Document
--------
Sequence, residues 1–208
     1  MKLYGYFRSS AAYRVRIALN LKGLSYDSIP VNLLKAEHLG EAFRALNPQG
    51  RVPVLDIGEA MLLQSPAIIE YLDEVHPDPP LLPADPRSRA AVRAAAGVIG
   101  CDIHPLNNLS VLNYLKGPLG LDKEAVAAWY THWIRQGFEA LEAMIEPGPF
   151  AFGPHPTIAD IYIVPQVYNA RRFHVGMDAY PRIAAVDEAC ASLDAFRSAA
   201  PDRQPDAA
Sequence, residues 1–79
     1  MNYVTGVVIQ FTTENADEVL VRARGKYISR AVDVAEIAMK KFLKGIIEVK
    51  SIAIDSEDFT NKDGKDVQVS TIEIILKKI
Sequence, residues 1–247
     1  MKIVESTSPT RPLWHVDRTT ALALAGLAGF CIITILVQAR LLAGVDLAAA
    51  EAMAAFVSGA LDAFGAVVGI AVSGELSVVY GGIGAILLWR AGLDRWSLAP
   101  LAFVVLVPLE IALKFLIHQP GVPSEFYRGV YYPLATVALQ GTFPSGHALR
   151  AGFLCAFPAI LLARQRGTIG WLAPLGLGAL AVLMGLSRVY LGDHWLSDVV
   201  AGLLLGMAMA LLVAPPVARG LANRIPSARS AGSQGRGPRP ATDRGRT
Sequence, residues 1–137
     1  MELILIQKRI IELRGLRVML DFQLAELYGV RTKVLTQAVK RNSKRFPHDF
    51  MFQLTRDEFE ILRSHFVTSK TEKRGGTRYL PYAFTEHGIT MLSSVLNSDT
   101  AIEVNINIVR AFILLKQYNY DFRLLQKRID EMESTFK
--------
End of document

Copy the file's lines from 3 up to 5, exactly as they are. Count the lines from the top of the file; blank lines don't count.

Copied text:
    51  RVPVLDIGEA MLLQSPAIIE YLDEVHPDPP LLPADPRSRA AVRAAAGVIG
   101  CDIHPLNNLS VLNYLKGPLG LDKEAVAAWY THWIRQGFEA LEAMIEPGPF
   151  AFGPHPTIAD IYIVPQVYNA RRFHVGMDAY PRIAAVDEAC ASLDAFRSAA